- Juvenile Offenses: Juvenile offenders must wait the same amount of time as adult offenders convicted of the same offense. This means that most juvenile offenses have a waiting period of five (5) years for expungement.
- Underage Drug Offenders: There are special laws for first-time drug offenders under 21 when they committed the drug offense. Depending on the circumstances, it may be possible to file for expungement after just one (1) year.
It is important to note that certain crimes and offenses cannot be expunged in NJ. These include serious drug crimes like cocaine trafficking and heroin distribution, felony sex offenses like sexual assault and child endangerment, official misconduct by public officials, traffic violations and DUI offenses, and restraining orders. However, most minor crimes and disorderly persons offenses are eligible for expungement in New Jersey.
Exceptions to New Jersey’s Expungement Statute
New Jersey’s Expungement Statute (N.J.S.A. 2C:52-1) was conceived to give its citizens a new lease on life by removing the social and economic stigma that can result from a conviction or arrest of a criminal offense.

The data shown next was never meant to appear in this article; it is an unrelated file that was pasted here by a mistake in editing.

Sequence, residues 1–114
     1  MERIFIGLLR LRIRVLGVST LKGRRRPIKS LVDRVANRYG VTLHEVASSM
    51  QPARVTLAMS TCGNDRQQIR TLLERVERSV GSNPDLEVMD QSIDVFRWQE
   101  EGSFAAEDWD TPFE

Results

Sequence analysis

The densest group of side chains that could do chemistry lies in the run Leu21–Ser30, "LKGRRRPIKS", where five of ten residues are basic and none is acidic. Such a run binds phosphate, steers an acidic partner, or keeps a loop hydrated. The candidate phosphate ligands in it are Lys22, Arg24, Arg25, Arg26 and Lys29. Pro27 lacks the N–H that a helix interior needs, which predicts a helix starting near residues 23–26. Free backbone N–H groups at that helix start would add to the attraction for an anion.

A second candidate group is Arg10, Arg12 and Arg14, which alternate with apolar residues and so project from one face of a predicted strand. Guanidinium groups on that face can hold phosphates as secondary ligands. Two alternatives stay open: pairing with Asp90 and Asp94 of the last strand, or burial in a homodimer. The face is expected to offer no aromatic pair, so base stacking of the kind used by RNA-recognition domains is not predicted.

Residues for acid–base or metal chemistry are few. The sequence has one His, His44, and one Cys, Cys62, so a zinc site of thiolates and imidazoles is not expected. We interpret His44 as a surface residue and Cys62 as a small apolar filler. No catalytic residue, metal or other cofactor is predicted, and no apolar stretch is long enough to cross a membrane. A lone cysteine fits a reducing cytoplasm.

Despite the Statute’s noble purpose, several exceptions can cause a court to deny an expungement application. They follow:
1. An expungement application can be denied if the applicant has failed to satisfy the statutory prerequisite. Thus, if the application to expunge a disorderly persons offense is filed five years priorto the completion of the sentence, including the payment of all fines and the completion of probation, the application will be denied.
2. People who have been previously convicted of certain crimes can not obtain an expungement for those crimes. Those crimes include murder, death by auto, kidnaping, aggravated assault, false imprisonment, robbery, aggravated arson, perjury and endangering the welfare of a child. In addition, you cannot obtain an expungement for a conviction relating to the sale or distribution of drugs. If a person has been pardoned for one of these offenses, this statutory bar does not apply.
3. A person can not obtain an expungement of a crime, is he/she has been convicted of a prior or subsequent crime or more than two disorderly persons or petty disorderly person. A person can not obtain an expungement of a disorderly persons or a petty disorderly persons conviction, if the person has been convicted of a prior or subsequent crime or three subsequent disorderly persons offenses or petty disorderly persons offenses. These disqualifications relate to convictions in any jurisdiction.